The Macon County News reports that Jackson County will have to dip into $500,000 of its general fund balance in order to pay for teacher positions, teacher pay raises and teacher assistants, thanks to a state budget that disinvests in public education for another year in a row.
In addition to county support, Jackson County has taken the initiative to start cutting positions in hopes of bracing for the impact of the lack of funding from the state.
“We have been cutting back on teacher assistant positions when possible because of the trend to not fund them,” said Dr. Murray [Jackson County Schools Superintendent]. “We have currently only done this through attrition or through transfers within our own district. The trend statewide will be to eliminate teacher assistants in all areas except K-1 classrooms.
Like so many other educators across the state, Jackson County recognizes the need for teacher assistants and hopes that the state level will make changes soon. “Our teacher assistants are valuable members of our educational family,” said Dr. Murray. “They are used appropriately and help reduce our class size by working with students in small groups and assisting the teacher in providing differentiated instruction in the classroom.”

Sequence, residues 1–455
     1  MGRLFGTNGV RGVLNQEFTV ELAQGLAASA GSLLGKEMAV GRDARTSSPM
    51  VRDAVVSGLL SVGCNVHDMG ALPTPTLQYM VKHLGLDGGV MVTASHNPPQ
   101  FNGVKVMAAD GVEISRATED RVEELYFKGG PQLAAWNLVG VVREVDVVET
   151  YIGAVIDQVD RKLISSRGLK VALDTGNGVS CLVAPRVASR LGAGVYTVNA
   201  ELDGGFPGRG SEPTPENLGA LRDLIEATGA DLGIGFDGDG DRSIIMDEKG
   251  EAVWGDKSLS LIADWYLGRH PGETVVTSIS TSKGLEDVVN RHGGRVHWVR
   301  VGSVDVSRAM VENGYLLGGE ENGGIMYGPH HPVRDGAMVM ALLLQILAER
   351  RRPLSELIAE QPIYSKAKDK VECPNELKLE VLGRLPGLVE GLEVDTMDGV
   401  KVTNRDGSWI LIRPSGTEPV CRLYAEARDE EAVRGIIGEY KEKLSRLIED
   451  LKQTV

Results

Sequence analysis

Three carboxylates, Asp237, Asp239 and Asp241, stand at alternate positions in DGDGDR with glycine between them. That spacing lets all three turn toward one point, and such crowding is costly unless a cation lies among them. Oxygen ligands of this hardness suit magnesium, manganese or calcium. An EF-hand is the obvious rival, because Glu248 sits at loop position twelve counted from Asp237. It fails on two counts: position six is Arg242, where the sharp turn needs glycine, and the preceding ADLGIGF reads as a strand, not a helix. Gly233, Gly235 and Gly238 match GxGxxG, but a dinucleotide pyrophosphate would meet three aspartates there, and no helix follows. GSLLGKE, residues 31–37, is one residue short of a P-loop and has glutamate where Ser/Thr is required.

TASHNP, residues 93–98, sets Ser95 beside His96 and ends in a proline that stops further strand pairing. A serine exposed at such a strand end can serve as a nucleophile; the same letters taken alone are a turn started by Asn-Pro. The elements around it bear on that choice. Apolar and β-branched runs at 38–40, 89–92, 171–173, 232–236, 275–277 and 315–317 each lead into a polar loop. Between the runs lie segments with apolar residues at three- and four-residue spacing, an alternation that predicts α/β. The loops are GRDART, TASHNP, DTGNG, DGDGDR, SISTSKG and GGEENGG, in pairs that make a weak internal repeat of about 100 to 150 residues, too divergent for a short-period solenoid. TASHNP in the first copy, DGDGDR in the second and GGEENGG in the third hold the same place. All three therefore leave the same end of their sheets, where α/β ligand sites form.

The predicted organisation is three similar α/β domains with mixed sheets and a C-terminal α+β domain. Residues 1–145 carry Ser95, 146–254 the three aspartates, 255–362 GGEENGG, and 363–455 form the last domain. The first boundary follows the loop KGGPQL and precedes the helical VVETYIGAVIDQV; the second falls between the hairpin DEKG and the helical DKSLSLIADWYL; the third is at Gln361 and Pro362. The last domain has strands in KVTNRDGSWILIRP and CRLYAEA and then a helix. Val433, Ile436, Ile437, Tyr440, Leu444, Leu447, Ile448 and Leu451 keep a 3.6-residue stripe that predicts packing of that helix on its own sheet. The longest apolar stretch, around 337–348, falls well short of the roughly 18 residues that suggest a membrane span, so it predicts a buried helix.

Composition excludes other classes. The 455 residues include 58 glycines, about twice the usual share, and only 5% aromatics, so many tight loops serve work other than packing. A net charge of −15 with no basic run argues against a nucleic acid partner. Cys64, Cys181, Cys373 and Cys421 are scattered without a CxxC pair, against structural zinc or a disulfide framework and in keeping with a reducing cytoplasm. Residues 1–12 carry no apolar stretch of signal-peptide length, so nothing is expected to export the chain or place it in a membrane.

Rowan-Salisbury Schools made a decision on how they will handle the state’s budget cuts to public schools — they laid off 46 employees last week.
Forty-six Rowan-Salisbury employees found out Friday they will be without a job this school year.
“Schools operate like families, so when you lose someone on your staff — for a school, it’s like losing a family member,” said Superintendent Dr. Lynn Moody.
Due to state budget cuts and a dwindling fund balance, the district cut 79 positions — 18 district-wide personnel, 15 school-based personnel and 46 teacher assistants.
Of those 46 layoffs, 32 were teacher assistants. Many of those TAs doubled as school bus drivers (see my story about this issue here).
It’s not the first time Rowan-Salisbury has had to reduce its workforce.
Since the financial downturn in 2008, roughly 300 positions have been cut.
This time the cuts are because of reductions in state teacher assistant funding and the district’s fund balance.
The state budget called for a 22 percent, or $1.3 million, reduction in funding for teacher assistants.
Got more public school cuts resulting from the new state budget to report? Email me at firstname.lastname@example.org